Hospice is a discipline of care for terminally ill patients who have less than six months to live. It is a form of palliative care (care focused on the patient’s comfort) comprised of a range of services to help patients experience a life transformative death.CareinLife Hospice was founded on the idea that compassion and clinical excellence, when combined in the right measure, are the best means to provide comfort and dignity at the end of life’s journey.
Our multidisciplinary approach is centered in creating a detailed care plan that treats each patient based on their unique clinical, mental and spiritual needs. Both patients and their families benefit from a wide range of resources designed to help provide the assistance that is needed in the most helpful manner possible, including:
- Disease-specific programs to help with the unique needs of patients with cancer, pulmonary disease, cardiac disease and more
- Unique quality of life programs to cater to patient interests, including We Honor Veterans, Essential Oils and more
- A person-centered approach to care, following a detailed personalized care plan developed with the patient, loved ones and the hospice doctor.
Read below for five of the most common myths about hospice:
Myth #1: Hospice shortens life.
The facts: The focus of hospice is to make the remaining time one has more comfortable. Hospice is not designed to either prolong or shorten life, but rather to focus on quality of life. There are instances where patients do outlive their prognosis and even “graduate” from hospice care.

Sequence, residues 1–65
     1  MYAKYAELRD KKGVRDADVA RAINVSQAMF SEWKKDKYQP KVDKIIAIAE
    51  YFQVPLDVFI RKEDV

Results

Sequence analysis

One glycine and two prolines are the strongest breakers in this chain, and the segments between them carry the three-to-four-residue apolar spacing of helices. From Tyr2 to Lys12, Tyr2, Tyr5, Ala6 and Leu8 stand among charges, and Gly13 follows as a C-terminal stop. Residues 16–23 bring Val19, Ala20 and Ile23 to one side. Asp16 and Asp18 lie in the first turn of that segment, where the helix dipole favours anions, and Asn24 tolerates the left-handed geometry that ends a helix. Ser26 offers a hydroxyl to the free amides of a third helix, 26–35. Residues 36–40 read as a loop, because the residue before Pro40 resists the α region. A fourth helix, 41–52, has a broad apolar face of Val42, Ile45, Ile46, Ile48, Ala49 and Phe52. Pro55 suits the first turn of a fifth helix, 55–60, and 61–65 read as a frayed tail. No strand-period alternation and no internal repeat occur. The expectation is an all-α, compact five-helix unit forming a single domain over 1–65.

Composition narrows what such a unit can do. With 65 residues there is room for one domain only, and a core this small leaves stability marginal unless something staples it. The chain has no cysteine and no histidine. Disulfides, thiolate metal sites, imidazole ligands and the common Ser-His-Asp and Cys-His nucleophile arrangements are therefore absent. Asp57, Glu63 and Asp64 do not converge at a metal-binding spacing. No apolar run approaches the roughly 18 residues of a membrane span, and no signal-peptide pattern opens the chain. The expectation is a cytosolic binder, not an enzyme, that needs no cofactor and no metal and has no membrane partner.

Myth #2: Hospice is expensive.
The facts: Hospice is funded by Medicare Part A, Medicaid and also by most individual insurers. Often times, hospice services can actually remove some financial burden families or responsible parties, who may otherwise need to pay out-of-pocket for medications or equipment like beds or wheelchairs.
Myth #3: Hospice is a place.
The facts: Hospice in general is a type of care. While there are locations that specialize in providing hospice care, patients may receive care on-site in a number of places, including home, hospital or an assisted living or retirement facility.
Myth #4: Hospice is only for cancer/heart failure/dementia/etc.
The facts: Hospice care is appropriate for any patient with a life-limiting condition and a prognosis of six months or less to live. Care can be tailored to meet the unique needs of the patient. This includes not just their clinical requirements, but spiritual, emotional and social as well.
Myth #5: Hospice is full-time care.
The facts: Most hospice cases involve periodic visits from doctors, nurses, volunteers and other team members. There are various circumstances involving pain management or other acute conditions that require additional care, but in general, care will still be provided by family or caregivers at the facility where the patient resides.